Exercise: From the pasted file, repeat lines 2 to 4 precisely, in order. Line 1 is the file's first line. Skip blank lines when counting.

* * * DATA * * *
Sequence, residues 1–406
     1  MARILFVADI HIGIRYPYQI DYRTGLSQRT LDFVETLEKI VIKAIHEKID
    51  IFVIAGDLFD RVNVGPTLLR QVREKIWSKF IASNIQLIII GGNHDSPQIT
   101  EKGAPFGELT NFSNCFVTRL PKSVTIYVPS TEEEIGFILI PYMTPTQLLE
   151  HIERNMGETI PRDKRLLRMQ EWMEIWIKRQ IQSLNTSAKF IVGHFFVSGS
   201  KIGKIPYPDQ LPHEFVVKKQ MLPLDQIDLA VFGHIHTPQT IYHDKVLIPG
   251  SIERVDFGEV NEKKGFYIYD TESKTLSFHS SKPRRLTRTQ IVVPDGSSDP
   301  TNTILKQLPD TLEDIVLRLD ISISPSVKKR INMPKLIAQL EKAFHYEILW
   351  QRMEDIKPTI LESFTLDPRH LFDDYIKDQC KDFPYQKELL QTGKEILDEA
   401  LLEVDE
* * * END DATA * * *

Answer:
     1  MARILFVADI HIGIRYPYQI DYRTGLSQRT LDFVETLEKI VIKAIHEKID
    51  IFVIAGDLFD RVNVGPTLLR QVREKIWSKF IASNIQLIII GGNHDSPQIT
   101  EKGAPFGELT NFSNCFVTRL PKSVTIYVPS TEEEIGFILI PYMTPTQLLE